Show Your Exhibitors How Much You Appreciate Them
Associations sometimes spend more time worrying about their meeting attendees than their exhibitors. But some are starting to realize that offering additional benefits to exhibitors can lead to not only greater loyalty but also higher nondues revenue and engagement that extends beyond the meeting.
Exhibitors spend a lot of money to exhibit at your association’s tradeshow, but the reasons they do so are all good ones. These include getting face time with current clients and potential new ones, introducing a new product or service to the marketplace, and checking out their competition and what they have to offer.
But it’s a two-way street: Association meetings and tradeshows couldn’t thrive—or even survive—without their exhibitors. After all, an exhibit hall filled with solutions that help your industry’s leaders do their jobs better will attract more attendees. Not to mention that exhibit booth sales equal nondues revenue for your organization.
Earlier this week I came across an article by Michael Hart on Expoweb.com that looked at four ways that NACE International had used technology to grow its CORROSION show’s revenue by nearly 30 percent. While all four ideas are worth reading about, two resonated with me because they involved the idea of offering your exhibitors a little something extra to show appreciation and help them spread the word about their services as well as your show.
The first was its exhibitor e-marketing campaign, which is a free service that allows exhibitors to “market their presence at the show to their customers and provide them with free exhibit hall passes.” CaLae McDermott, NACE’s manager of conferences, told Expoweb the service helps exhibitors develop their own branding for the show. While only 75 out of 400 exhibiting companies used the campaign at the 2013 meeting, it led to 123,000 emails being sent to 46,798 unique email addresses. The good news for NACE: 98 percent of those email addresses were not previously in its database, and the association estimates the initiative led to 1,351 new registrants, more than half of whom were not previously familiar with NACE—a definite win-win for both exhibitors and the association.
The second thing NACE offered was an onsite housing kiosk for exhibitors. Located at the back of the show floor in the same area where exhibitors go to book their space for next year’s meeting, the kiosk also gave exhibitors a way to book their hotel rooms. What made it really interesting was the technology used by NACE’s housing vendor. It stores exhibitors’ preferences, room-rate history, and housing needs, so rooms can be booked super fast and on the spot.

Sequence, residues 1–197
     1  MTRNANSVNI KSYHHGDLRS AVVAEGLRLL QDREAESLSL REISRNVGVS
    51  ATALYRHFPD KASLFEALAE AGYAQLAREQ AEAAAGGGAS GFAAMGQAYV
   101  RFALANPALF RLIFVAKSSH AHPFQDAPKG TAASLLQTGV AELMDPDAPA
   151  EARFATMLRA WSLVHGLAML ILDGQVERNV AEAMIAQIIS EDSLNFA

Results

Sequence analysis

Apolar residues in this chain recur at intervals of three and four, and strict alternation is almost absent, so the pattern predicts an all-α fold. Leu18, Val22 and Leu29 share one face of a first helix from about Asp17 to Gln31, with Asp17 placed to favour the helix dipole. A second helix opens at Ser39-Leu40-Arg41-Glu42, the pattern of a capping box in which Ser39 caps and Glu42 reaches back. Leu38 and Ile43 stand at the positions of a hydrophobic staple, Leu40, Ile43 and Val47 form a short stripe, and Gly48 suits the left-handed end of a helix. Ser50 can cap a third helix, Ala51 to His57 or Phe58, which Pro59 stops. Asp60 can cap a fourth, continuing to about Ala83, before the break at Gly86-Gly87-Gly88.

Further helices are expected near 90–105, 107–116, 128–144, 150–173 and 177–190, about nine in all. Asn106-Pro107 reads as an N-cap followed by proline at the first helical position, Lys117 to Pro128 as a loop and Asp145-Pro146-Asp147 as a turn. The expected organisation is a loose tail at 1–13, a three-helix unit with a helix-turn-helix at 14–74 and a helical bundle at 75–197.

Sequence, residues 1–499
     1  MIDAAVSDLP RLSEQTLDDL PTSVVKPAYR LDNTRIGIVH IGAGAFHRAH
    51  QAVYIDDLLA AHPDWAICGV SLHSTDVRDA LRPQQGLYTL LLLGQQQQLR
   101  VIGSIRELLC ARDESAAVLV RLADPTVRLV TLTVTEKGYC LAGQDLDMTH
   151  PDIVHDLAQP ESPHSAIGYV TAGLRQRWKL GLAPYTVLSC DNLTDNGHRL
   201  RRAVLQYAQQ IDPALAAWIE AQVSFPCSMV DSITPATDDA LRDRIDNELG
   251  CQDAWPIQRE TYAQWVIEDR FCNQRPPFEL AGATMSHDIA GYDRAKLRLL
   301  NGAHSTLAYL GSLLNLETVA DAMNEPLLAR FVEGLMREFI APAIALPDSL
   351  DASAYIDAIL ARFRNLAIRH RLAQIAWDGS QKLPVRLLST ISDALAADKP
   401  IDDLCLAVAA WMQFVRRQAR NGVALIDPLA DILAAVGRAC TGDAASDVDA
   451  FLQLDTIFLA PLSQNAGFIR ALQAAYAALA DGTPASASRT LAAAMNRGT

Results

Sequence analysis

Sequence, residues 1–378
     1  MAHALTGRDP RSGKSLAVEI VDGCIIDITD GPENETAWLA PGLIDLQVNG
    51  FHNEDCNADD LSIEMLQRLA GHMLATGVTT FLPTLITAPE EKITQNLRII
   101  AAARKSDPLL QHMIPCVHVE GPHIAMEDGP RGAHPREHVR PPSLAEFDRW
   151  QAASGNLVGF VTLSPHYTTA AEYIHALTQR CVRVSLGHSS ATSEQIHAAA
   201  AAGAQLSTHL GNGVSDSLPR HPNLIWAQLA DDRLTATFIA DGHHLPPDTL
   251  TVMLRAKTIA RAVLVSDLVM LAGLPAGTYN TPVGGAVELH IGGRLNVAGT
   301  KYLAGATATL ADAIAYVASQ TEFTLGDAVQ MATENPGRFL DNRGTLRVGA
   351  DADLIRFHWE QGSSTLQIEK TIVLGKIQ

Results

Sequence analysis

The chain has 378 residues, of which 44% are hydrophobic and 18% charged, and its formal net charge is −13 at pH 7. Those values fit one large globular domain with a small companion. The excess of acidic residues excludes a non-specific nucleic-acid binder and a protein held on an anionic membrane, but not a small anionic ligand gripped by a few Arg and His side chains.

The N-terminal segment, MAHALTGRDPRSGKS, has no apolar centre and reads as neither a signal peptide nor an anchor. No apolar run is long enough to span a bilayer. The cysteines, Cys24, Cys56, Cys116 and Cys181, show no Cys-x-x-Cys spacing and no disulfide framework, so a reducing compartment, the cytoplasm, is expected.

NACE is not alone in using technology to enhance exhibitor offerings. Design & Construction Week, comprising the National Association of Home Builders’ International Builders’ Show (IBS) and other industry shows, announced last week that it partnered with IndustryTracker from ExpoBee to offer a year-round newsfeed to extend the life of the tradeshow.
The fully automated service harvests news on a daily basis from the websites of hundreds of IBS exhibiting companies, NAHB, Design & Construction Week-supporting organizations, and other industry resources.
It works by asking attendees to choose the exhibitor categories, exhibiting companies, and topics they care about most; based on their choices, a personalized, easy-to-follow newsfeed is created. “For Design & Construction Week exhibitors, this value-added service means that now their space rental fee provides benefits not just during the show but throughout the year,” said the statement.
Smaller associations may lack the staff and budget resources to offer these types of extras to exhibitors, but they can consider other options. An easy one could be a discount for exhibitors that reserve a booth for next year’s show during the current one. Another would be discounts based on how many years in a row a company has exhibited, whether that’s two, five, or 10. Or perhaps take a cue from the Licensing Expo, which recently launched its new Perks Program. The show, taking place in June in Las Vegas, is offering both attendees and exhibitors “exclusive discounts on top attractions in Las Vegas.” These discounts cover everything from spa treatments to museum and show admissions to golf tee times.
What does your association offer its exhibitors, whether to show appreciation or to help them spread the word about their product or company? Please share in the comments.